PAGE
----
Your sparkling

gold-black corset turns my head.

There you are,

eight feet of 19th-century carnival

striding through the 2015 twenty-somethings.

We down here may wear suits, gowns, masks —

some simple, some feathered, some fantastical;

even a few gems from commedia dell’arte —

but beneath you,

we are mere pretenders in pretending.



You, too, wear a mask —

black, with a pointed gold-lined nose.

Long gloves bloom from dark sleeves,

high-fiving bemused partygoers. And

lest I forget,

the dress.

Long, wavy, satiny black,

draping like curtains

to the floor.

Why conceal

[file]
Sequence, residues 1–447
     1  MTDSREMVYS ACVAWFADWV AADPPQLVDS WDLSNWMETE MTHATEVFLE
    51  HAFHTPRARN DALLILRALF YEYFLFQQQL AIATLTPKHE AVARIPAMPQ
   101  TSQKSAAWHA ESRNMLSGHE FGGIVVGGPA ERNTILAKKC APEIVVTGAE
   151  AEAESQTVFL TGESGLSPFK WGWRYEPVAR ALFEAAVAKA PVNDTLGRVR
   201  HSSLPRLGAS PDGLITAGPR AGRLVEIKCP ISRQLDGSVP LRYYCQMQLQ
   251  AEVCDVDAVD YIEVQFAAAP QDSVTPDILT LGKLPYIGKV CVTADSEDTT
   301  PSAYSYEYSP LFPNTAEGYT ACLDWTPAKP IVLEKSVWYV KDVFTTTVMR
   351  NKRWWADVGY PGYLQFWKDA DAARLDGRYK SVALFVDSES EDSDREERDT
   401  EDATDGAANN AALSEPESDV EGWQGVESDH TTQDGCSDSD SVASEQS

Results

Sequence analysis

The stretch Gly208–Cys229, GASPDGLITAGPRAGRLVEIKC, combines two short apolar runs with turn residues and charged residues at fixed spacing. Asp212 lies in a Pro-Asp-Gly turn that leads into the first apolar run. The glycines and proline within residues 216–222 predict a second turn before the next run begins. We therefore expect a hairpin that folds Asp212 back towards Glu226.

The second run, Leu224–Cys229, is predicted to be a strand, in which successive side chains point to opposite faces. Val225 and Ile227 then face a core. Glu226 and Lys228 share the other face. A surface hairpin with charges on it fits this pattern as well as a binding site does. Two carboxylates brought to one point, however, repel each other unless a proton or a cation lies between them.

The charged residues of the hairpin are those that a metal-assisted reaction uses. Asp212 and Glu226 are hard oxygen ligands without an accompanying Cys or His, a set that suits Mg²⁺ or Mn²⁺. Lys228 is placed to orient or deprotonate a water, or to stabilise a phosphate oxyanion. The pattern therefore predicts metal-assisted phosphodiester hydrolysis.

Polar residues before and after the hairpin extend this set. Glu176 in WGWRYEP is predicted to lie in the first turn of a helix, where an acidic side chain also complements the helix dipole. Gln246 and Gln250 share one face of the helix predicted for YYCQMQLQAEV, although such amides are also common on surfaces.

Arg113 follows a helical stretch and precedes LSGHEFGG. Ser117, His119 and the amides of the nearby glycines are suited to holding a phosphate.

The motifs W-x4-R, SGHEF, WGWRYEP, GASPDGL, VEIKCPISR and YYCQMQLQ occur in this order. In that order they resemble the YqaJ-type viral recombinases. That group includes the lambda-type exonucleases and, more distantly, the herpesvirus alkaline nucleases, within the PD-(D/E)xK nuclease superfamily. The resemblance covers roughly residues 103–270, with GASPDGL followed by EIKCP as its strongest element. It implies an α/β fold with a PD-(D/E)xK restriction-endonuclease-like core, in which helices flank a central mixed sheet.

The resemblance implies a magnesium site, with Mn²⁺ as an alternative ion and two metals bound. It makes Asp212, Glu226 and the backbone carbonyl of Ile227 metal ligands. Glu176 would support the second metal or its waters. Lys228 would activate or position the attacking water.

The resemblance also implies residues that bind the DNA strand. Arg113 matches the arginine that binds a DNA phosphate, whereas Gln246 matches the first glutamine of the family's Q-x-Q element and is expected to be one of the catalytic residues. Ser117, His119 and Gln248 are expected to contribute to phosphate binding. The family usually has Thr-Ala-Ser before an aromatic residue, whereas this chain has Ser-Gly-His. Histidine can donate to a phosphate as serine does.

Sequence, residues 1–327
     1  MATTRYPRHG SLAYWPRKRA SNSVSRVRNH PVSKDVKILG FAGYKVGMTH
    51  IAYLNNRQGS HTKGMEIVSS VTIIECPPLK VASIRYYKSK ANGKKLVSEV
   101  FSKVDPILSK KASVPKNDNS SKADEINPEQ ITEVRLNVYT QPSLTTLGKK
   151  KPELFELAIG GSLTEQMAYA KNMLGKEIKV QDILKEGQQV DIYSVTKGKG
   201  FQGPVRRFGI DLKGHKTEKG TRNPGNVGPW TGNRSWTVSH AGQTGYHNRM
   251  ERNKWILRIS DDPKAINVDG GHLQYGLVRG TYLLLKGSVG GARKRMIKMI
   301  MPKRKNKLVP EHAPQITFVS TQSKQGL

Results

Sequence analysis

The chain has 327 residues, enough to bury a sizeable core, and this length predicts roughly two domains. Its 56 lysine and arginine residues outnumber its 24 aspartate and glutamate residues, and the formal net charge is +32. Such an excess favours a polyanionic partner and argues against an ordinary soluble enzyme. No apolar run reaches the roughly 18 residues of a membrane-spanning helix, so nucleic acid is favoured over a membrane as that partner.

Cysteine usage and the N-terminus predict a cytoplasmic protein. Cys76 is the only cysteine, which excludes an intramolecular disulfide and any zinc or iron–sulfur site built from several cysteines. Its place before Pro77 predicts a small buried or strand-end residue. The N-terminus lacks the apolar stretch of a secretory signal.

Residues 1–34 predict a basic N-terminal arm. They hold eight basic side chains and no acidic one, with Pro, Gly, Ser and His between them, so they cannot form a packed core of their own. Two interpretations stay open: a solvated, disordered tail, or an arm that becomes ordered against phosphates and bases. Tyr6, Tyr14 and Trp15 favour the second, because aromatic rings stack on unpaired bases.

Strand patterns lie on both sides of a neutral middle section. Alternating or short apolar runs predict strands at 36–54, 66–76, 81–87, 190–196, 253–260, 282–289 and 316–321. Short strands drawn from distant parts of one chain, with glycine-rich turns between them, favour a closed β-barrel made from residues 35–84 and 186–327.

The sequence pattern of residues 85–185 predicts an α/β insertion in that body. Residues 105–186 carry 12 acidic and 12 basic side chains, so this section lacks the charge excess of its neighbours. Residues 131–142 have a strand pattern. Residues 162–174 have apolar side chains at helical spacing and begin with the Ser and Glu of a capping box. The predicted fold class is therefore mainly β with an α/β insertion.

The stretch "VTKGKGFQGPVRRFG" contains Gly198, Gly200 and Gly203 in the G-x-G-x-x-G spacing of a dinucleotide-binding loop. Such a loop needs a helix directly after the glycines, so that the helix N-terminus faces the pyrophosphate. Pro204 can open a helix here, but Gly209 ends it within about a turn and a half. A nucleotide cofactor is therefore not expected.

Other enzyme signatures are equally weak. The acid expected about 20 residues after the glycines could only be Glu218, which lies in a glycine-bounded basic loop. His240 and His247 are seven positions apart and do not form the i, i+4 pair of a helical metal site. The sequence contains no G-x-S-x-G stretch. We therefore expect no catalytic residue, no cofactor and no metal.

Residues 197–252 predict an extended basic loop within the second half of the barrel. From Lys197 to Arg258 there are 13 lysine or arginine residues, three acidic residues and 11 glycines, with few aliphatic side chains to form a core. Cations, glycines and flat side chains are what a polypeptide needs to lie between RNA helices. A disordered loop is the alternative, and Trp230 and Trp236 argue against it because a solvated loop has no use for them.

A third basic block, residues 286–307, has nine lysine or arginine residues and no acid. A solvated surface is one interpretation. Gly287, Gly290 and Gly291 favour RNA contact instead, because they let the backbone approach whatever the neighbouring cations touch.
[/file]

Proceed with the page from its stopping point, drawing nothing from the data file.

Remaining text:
your impossibly long legs?

Your jaw is pale,

your lips light pink.

I’d like to talk to you.

How old are you? When

did you learn to walk so tall?

Is it lonely?

In the waning hour, longing to dance with you;

to meet your head-high waist

and sway.


saying nothing.

Only my gaze can reach.



When the clock tolls,

you are still a glittering mystery,

larger than life.

I, a phantom,

peering from the rift.